Road Accident Fund assets may not be attached, for now
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Pretoria - Moveable assets belonging to the Road Accident Fund (RAF) may not be attached by claimants who have not been paid, until at least next month.
A full bench of the Gauteng High Court, Pretoria postponed a hearing in which the RAF was asking for a financial reprieve of 180 days to pay claims to March 15. The matter will be heard over two days.
The postponement followed a request in this regard by the RAF, which also asked the court to extend the earlier agreement that law firms demanding payments did not execute executions they had already obtained.
The RAF, in turn, undertook to pay claims in order of date that the court order was granted, or the settlement regarding payment was reached. The oldest claims would thus be paid first.
The moratorium on payments is only temporary, and until the court, next month tries to find a solution to the multitude of issues between the RAF and various law firms. The moratorium impacts about 189 000 claimants waiting to be paid.
RAF CEO Collins Letsoalo said if the court did not extend the moratorium on execution against the assets, it would have a disastrous effect on the entity.
“We are in a parlous financial state. The implosion of the RAF is imminent,” Letsoalo said.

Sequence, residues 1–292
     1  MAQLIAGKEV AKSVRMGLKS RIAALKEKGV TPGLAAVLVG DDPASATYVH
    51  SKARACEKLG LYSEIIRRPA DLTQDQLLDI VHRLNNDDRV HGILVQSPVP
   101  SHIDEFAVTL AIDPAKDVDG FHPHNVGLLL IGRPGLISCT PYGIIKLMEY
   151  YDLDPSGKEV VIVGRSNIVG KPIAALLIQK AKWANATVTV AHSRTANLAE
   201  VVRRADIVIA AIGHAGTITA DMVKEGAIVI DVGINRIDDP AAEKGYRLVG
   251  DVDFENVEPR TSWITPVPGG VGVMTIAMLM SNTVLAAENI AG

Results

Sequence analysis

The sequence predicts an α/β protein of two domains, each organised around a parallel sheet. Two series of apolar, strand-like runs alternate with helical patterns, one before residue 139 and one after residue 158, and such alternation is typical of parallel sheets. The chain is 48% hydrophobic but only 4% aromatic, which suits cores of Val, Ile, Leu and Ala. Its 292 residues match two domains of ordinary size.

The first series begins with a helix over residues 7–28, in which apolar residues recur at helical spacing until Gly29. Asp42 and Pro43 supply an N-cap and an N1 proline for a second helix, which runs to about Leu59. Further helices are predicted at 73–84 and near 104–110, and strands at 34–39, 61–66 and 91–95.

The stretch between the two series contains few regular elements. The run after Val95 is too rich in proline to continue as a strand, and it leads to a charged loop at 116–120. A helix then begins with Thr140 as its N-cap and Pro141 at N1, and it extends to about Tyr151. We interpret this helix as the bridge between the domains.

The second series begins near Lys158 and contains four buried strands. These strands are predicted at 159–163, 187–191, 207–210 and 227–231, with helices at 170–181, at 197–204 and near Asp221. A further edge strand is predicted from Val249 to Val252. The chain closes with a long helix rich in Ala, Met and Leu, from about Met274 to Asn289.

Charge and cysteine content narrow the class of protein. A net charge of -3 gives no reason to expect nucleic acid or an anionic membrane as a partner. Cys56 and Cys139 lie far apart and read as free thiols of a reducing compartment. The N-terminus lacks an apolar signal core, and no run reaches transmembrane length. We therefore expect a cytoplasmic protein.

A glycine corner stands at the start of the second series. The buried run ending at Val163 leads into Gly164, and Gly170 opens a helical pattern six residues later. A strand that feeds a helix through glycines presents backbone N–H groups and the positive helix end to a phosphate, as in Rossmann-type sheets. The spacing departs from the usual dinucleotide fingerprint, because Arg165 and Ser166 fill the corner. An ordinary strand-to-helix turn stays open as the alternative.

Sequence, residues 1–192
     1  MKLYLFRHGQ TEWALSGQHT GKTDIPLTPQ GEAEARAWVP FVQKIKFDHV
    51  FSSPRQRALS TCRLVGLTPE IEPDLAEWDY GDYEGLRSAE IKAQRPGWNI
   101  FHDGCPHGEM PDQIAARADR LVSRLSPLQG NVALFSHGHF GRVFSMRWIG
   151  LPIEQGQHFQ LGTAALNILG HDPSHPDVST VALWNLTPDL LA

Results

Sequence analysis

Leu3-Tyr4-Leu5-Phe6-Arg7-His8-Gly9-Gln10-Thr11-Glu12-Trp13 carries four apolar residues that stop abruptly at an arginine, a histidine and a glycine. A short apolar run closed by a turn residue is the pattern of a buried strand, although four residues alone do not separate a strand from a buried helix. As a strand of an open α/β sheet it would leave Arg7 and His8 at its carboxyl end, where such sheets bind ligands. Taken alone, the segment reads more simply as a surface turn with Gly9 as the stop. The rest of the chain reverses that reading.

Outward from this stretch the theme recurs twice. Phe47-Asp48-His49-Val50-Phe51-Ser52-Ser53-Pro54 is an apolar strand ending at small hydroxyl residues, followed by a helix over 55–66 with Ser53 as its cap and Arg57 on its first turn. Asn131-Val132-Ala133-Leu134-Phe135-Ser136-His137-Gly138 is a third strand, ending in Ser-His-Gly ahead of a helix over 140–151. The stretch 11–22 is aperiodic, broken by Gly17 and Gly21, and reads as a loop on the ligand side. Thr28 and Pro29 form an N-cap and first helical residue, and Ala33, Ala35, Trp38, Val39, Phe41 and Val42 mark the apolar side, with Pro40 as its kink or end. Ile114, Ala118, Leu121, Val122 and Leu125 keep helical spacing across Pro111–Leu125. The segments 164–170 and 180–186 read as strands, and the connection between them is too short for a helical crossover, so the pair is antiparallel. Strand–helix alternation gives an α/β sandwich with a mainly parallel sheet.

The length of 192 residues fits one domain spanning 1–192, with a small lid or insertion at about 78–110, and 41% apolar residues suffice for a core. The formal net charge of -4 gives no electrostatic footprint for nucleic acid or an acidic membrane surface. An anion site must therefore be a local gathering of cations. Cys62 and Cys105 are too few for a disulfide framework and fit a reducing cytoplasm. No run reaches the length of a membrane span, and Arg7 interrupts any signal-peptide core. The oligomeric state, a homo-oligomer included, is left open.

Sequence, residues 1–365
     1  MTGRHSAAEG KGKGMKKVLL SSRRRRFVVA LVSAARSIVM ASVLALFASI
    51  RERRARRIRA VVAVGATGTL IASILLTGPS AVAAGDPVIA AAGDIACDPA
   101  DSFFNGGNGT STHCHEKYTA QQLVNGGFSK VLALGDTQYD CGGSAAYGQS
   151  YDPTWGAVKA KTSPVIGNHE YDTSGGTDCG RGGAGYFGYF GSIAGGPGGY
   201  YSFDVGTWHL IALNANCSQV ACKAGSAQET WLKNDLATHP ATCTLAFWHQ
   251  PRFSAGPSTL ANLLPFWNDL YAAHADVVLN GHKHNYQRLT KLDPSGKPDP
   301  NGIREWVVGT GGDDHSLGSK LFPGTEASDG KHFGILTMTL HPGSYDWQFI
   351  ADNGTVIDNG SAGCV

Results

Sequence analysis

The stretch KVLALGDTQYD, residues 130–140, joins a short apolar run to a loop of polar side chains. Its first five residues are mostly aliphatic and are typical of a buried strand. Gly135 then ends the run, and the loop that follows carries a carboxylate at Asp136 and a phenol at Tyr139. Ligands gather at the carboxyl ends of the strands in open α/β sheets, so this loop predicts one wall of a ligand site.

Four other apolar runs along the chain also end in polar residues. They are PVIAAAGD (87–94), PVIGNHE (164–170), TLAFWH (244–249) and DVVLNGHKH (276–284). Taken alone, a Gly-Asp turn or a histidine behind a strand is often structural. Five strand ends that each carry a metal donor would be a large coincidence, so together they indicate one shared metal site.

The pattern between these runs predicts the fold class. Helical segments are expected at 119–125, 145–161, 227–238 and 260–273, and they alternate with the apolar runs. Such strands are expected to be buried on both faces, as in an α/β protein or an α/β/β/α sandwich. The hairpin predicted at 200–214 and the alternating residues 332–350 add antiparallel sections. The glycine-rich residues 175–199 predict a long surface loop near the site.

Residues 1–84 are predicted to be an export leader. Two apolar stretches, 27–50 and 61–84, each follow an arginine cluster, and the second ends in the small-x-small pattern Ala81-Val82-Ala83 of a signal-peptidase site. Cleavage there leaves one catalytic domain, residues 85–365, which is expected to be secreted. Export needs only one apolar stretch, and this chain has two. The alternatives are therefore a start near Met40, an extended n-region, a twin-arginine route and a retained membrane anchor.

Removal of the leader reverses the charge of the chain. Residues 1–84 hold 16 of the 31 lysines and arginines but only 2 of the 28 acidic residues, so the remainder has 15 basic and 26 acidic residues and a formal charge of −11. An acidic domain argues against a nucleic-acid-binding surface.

He pointed out that the main aim of the application next month was to try and find a solution which would prevent the RAF from collapsing and stop a few claimants who “are not willing to wait” to be paid as their attorneys issue writs of execution to attach moveable assets and bank accounts.
Letsoalo said the RAF had, meanwhile, made considerable inroads in implementing an equitable system of payment. It, however, accepted that its system was not perfect and many instances of mismanagement are discovered on a daily basis.
“The applicant (RAF) is doing what it can to correct and investigate mismanagement or corruption,” Letsoalo said.
According to him, reconciled payments of R7.2bn have been processed between October and December 4.
Letsoalo said R670m was, however, discovered to be duplicate payments which needed to be paid back to the RAF.
He added that it was RAF policy not to pay any fees to attorneys who had been struck from the roll, but about R260m was requested in this regard.
New management was appointed in 2019, according to Letsoalo, and despite the difficult Covid-19 conditions, they were doing all they could to turn around the RAF.
Last month, it emerged that the RAF had paid a claimant R1.5m in compensation, 11 days after it had reached an agreement with the law firm representing the accident victim. This came a few days after the RAF undertook in court to pay the oldest claim first.
Letsoalo said the incident was being investigated by his office.
More law firms and other bodies such as the Johannesburg Attorneys Association and the Association for the Protection of Road Accident Victims meanwhile indicated that they would be joining the application in trying to find permanent solutions to the RAF’s problems in making payments to claimants.
The legal fraternity felt that the government – especially the ministers of transport and finance – urgently had to come aboard to avoid the fund’s total collapse.
The RAF receives about R43bn a year in fuel levy, which Letsoalo said was not enough to keep the fund afloat.
He maintained that as part of the RAF turn-around strategy, cases should be settled.
Last year, he gave a host of law firms who served on the RAF panel of defence attorneys the boot as he said more than R10bn a year alone went into paying legal fees, while that money could go towards paying claims.